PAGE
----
As if we didn’t have enough problems, there’s a mounting body of evidence that Google now has an attention span somewhat shorter than ten years. After ten years or so, Google forgets things. Or, perhaps, Google just can’t be bothered to index these older web pages, because there’s no money in it.
Bacchus isn’t the first to come across this phenomenon. Tim Bray encountered something similar in 2018, and Marco Fioretti expanded upon Bray’s findings. And a year earlier in 2017, Tony Hirst applied the “dementia” term to it.
Bacchus writes further:
[…] Hirst posits that Google is getting both paranoid (because of SEO and other factors) and forgetful. To Hirst, Google seems rooted in the past, crediting signals of link authority that people are mostly not using these days (publication of links on websites) and not able to properly weight or remember the social media signals that accompany most links modernly. It’s a different problem to be sure from the one that Bray and Fioretti highlighted, but the terminology seems applicable here too.
My observations, from my perspective inside the adult/porn parts of the web, are parallel with Hirst’s. Google’s digital dementia is even more severe with respect to adult URLs, because our #pornocalypse-driven exclusion from so much social media means that our links are automatically absent from so many of Google’s modern page quality signals and ranking algorithms.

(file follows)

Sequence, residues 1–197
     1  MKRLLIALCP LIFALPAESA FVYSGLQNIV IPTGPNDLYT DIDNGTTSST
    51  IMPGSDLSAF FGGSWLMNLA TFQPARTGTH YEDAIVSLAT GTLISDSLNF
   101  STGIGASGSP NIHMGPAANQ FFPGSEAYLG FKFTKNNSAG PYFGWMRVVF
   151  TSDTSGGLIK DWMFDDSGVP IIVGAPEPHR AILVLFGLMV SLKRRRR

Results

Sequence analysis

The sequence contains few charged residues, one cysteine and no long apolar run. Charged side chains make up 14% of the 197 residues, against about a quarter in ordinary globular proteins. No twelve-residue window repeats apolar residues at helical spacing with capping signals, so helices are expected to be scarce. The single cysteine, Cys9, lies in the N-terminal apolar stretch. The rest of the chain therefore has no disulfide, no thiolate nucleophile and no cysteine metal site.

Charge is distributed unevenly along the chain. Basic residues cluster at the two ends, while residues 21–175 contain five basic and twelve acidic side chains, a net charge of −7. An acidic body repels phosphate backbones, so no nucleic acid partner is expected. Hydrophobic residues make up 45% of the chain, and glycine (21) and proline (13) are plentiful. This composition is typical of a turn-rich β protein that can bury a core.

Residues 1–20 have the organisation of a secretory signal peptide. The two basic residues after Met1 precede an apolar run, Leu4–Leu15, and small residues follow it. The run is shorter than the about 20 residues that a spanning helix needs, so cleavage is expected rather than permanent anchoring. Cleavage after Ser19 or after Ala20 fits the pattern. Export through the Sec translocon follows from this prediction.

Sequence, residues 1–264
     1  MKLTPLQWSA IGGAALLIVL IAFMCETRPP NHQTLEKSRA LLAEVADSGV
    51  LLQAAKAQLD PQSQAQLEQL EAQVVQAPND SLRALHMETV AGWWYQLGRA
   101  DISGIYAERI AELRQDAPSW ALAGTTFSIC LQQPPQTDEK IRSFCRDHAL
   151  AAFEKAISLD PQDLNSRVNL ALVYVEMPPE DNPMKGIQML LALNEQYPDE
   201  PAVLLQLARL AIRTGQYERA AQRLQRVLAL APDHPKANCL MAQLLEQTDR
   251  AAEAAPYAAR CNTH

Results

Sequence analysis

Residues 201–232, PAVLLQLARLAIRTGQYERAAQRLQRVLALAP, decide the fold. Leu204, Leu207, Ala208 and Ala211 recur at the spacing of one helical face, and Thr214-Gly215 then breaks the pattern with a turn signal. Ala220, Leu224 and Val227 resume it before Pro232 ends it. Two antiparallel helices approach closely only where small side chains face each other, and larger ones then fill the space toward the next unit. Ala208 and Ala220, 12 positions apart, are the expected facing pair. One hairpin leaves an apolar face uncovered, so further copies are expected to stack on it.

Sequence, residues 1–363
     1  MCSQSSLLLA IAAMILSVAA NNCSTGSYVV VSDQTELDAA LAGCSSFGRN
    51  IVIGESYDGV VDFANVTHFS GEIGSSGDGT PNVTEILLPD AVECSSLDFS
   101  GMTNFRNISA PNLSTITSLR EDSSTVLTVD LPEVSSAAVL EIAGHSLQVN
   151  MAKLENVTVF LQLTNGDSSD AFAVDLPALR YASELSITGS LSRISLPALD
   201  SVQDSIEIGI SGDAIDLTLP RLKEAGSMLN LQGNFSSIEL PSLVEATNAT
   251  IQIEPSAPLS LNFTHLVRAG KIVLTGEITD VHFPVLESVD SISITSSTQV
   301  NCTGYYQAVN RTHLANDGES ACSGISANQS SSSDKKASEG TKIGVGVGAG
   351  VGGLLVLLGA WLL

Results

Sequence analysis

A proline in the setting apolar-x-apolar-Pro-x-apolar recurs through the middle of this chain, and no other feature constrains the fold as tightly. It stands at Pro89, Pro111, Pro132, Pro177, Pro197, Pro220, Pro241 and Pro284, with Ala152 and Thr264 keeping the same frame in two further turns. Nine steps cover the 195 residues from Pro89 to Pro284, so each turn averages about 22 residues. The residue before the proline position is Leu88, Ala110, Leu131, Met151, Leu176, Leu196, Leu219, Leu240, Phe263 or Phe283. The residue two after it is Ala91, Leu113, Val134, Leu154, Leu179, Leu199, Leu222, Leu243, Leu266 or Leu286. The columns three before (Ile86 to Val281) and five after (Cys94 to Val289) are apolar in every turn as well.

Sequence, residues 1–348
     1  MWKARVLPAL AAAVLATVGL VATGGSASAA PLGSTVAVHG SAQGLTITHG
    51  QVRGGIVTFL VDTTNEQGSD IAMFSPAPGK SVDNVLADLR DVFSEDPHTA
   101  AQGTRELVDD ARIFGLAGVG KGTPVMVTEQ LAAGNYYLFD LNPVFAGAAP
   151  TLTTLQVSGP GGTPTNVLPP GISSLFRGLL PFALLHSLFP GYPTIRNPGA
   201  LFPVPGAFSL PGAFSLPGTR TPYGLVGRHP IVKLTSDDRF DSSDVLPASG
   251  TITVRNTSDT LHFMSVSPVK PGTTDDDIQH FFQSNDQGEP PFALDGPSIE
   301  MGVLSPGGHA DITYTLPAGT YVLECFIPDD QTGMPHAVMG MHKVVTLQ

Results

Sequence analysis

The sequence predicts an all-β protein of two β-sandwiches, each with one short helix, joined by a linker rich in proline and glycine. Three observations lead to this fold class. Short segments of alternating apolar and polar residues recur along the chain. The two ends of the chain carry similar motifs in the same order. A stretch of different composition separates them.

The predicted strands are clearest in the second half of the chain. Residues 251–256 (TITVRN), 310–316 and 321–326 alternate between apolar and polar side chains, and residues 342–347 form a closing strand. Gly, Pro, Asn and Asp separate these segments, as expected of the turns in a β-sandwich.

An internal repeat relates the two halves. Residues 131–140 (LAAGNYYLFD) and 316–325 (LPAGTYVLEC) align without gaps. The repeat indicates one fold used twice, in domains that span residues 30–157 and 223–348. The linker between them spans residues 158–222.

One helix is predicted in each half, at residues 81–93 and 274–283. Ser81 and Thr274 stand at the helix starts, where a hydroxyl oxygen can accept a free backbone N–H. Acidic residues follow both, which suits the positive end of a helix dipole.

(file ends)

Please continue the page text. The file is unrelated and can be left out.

Bacchus uses screenshots to show the results of various searches for specific content from his blog from Google, compared to the same searches done in Bing.
I stopped using and relying on Google many years ago, and now use DuckDuckGo for most of my searching online. It seems that I made the right call, but I worry about the long-term implications for the Internet as a whole when Google—and Facebook, Twitter and others—have so much control over what we see and find online.
Mine, you make my heart beat faster whenever I see your name appear in my direct messages or notification.
Mine, you are my inspiration, and sometimes my exasperation.
Mine, your pain and hurt is so great, your wounds so deep, that sometimes I wonder if I can ever help you heal. Yet I persevere, guided by the conviction that I shall not be like the others, those who toyed with, abused, abandoned you before.
Mine, you have taught me what it is to love with all of my heart. I did not know I could feel this way again, and had thought that I’d forever remain alone.
Mine, your passions entwine with mine in so many wondrous ways; music, storytelling, artistry, humour and more.
Mine, though our respective physical bodies may be imperfect, and separated by an ocean and a continent, our avatars, our virtual forms, have shared so many great moments and places together. And I hope for many more.
My dollie, my treecat, my girl, it is my honour and privilege to call you Mine, and I hope to be able to do so for many more years.
First of all, apologies for the lack of posts this past month. I have been dealing with the legal and financial processes following my father’s death, and recovering from months of carer duties.
Last week, a call went out in the Gorean Whip Radio staff channel for DJs to cover some coming events in Second Life for the station. As it happened, I now have a bit more flexibility in when I can broadcast, so I offered my services, much to the delight of Lucy, the Whip’s head events organiser.